History experts believe that Kajula Kadphises was the founder of Kushan dynasty which originally was one of the five tribes within the Yueh-chi tribe tribe who lived in Chinese Turkistan. Kushan empire history begins with their first invasions that started in the 1st century AD. During these invasions, they defeated the Bactrians, Parthians and Sakas. The Kushans defeated the other four Yueh-chi tribes and founded their own dynasty.
Kanishka is considered to be the greatest king of Kushan Empire. There is still some confusion about the exact year when he came into power. He was the third emperor within the Kushan dynasty after Kajula Kadphises and Vima Kadphises. However, there was a big gap between him and his predecessor. According to some experts, Kanishka started his rule in 78AD, which is also when the Saka Era begins. It was during this Kushan period that Kashmir was annexed. He also led a war against Pataliputra, after which he captured Kashgarh, Khotan and Yarkand. At one point in time, the kushan empire extended from present day Bihar in the east to the Indus valley in the west; and from the present-day Kashmir region in the north to the Vindhyas in the South under Kanishka’s regime. During his time, the capital of Kushan Empire was Puruspur near modern-day Peshawar.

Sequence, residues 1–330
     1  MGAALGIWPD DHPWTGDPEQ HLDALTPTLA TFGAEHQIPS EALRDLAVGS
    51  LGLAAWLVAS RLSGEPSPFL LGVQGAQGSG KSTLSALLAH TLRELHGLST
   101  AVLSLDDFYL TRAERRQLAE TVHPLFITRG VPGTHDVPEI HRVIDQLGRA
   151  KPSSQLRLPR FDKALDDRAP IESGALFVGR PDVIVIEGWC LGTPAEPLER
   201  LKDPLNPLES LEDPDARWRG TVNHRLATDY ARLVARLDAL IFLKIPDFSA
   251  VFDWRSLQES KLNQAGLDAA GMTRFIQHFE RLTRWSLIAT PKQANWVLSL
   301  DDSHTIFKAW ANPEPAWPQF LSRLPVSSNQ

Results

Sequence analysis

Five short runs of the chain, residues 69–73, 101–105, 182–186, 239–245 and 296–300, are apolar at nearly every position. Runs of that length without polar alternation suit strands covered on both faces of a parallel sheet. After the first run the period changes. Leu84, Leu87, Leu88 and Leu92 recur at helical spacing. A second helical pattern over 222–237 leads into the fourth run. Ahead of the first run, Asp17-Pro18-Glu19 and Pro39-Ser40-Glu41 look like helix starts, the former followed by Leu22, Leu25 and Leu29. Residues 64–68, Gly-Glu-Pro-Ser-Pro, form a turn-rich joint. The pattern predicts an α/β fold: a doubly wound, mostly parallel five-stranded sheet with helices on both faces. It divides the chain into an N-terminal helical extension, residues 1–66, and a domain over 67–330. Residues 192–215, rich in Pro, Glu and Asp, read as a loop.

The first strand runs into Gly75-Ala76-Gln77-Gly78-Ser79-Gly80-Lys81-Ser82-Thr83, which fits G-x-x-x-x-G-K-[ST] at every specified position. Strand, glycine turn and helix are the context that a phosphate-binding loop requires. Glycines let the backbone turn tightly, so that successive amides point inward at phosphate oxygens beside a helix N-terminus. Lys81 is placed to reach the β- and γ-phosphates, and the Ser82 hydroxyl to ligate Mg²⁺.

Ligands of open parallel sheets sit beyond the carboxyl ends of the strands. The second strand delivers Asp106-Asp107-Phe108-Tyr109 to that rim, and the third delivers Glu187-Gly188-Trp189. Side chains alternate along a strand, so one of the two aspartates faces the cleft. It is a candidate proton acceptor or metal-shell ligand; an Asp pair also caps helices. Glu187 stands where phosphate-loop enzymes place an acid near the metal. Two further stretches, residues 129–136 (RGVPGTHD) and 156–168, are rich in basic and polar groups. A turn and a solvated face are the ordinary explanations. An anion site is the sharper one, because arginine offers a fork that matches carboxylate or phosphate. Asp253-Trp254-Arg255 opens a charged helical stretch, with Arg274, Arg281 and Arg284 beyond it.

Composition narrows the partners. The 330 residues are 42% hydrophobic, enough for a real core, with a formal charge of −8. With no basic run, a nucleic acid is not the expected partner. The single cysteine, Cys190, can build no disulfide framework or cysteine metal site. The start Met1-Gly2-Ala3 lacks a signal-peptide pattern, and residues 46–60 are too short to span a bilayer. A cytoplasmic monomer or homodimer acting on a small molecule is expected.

Many of the coins issued under Kanishka’s regime featured Zoroastrian, Greek and Indian deities. However, experts believe that he got converted to Buddhism when he was enthroned. The fourth and the last Buddhist council were conducted at Kundalavana in Kashmir, under his regime.
It was during the Kushan period that the Indian subcontinent started maintaining cordial trade relations with other civilised empires like the Roman Empire and Chinese Empire. Kushan art and architecture was pillared on Gandhara School of art which prospered and crossed borders as well. Gandhara Art is characterised by fine finishing and the depiction of human bodies in a natural and detailed way. It is also said that Sanskrit was promoted during the Kanishka period greatly. Asvaghosha and his works Buddhacarita and Sariputra Karanam were promoted by Kushans leading to the popularity of Sanskrit Literature.